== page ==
Tuesday, December 10, 2019 [Tweets] [Favorites]

Apple Suing Former A-series Chip Lead

Shaun Nichols (Hacker News):

In a complaint filed in the Santa Clara Superior Court, in California, USA, and seen by The Register, the Cupertino goliath claimed Gerard Williams, CEO of semiconductor upstart Nuvia, broke his Apple employment agreement while setting up his new enterprise.

Williams – who oversaw the design of Apple’s custom high-performance mobile Arm-compatible processors for nearly a decade – quit the iGiant in February to head up the newly founded Nuvia.

Apple’s lawsuit alleged Williams hid the fact he was preparing to leave Apple to start his own business while still working at Apple, and drew on his work in steering iPhone processor design to create his new company. Crucially, Tim Cook & Co’s lawyers claimed he tried to lure away staff from his former employer. All of this was, allegedly, in breach of his contract.

Ben Lovejoy:

Williams is fighting the lawsuit, arguing that the alleged ‘breach of contract’ claim is unenforceable and that Apple illegally monitored his text messages.

Presumably it wouldn’t be illegal if the recipients of his messages gave them to Apple. So it sounds like he’s alleging that Apple directly accessed them somehow.

Previously:

8 Comments

Am I the only one who thinks it's insane that it there is even a chance that what Williams did is illegal? He was hired by Apple because he's good at X. Now he's creating his own company to do X, and he's hiring people away from Apple. Clearly, he was doing well while at Apple even as he was preparing to start his own company, otherwise Apple would have fired him. So how is any of this in any way something Apple can sue him over?

I get that he probably signed a non-compete agreement, but these should themselves be illegal.

I read the complaint and he is not specifically saying Apple intercepted his texts, but that all parties to a text have to consent to disclosure, and he clearly didn’t. The most likely explanation is that one of the recipients shared it with Apple.

Apple’s allegations are clearly in contradiction with California’s strong prohibition on non-competes. I don’t know about non-solicitation. I would guess Apple will lose but it’s not about winning, it’s about harassment.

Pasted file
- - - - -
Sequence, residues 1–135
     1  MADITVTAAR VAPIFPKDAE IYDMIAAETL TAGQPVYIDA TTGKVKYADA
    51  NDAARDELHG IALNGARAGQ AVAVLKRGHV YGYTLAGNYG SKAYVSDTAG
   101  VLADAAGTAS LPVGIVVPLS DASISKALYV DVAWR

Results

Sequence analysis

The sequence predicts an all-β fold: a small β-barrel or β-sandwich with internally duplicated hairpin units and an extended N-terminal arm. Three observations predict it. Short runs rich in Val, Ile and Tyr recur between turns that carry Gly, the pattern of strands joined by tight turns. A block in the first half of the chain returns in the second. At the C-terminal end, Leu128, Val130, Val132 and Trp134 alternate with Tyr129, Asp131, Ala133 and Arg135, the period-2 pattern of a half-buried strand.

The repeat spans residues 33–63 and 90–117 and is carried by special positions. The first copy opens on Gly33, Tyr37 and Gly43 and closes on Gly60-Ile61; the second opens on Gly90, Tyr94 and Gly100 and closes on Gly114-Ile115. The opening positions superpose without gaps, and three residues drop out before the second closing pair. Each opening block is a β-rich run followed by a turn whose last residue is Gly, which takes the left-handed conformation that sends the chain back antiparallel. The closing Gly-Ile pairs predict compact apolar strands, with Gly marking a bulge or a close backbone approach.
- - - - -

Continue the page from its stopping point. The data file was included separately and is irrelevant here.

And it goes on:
The counter-complaint says 9 talented employees left Apple. That does not bode well for future A series SOCs maintaining the blistering rate of progress they enjoyed so far.

“ iGiant”, really?

Sören Nils Kuklau

The counter-complaint says 9 talented employees left Apple. That does not bode well for future A series SOCs maintaining the blistering rate of progress they enjoyed so far.

Maybe, but maybe not.

Apple has thousands of chip-related hardware engineers alone: among others, they bought Anobit (200 employees), P.A. Semi (150), Intrinsity (100), portions of Dialog (300), and portions of Intel Mobile Communications (another 2,200 employees). Some will have left, and some will have joined, but either way, “9 talented employees” is not a big number.

@Lukas My understanding is that he was working on convincing coworkers to leave with him while still working at Apple. You can make a case for why that shouldn't be banned, but it is a completely different thing than trying to convince people to follow you after you've left.

@Lukas It’s weird because it doesn’t sound like they are suing him for stealing Apple trade secrets, just the poaching. Just because that was in the contract doesn’t mean it’s enforceable. This must be extremely common.

@Fazal I read somewhere that the prohibition on non-competes doesn't apply to management. But, yeah, worst case for Apple is that they sent a message.

If the recipients shared the texts, wouldn’t it be them, not Apple, at fault?

>My understanding is that he was working on convincing coworkers to leave
>with him while still working at Apple

Did he do it during work hours, when Apple paid him? If not, then I don't see the issue.

This reminds a bit of this suit filed by a company whose name looked a bit like "Apple, Inc":

https://www.nytimes.com/1986/01/18/business/steven-jobs-settles-suit-filed-by-apple.html

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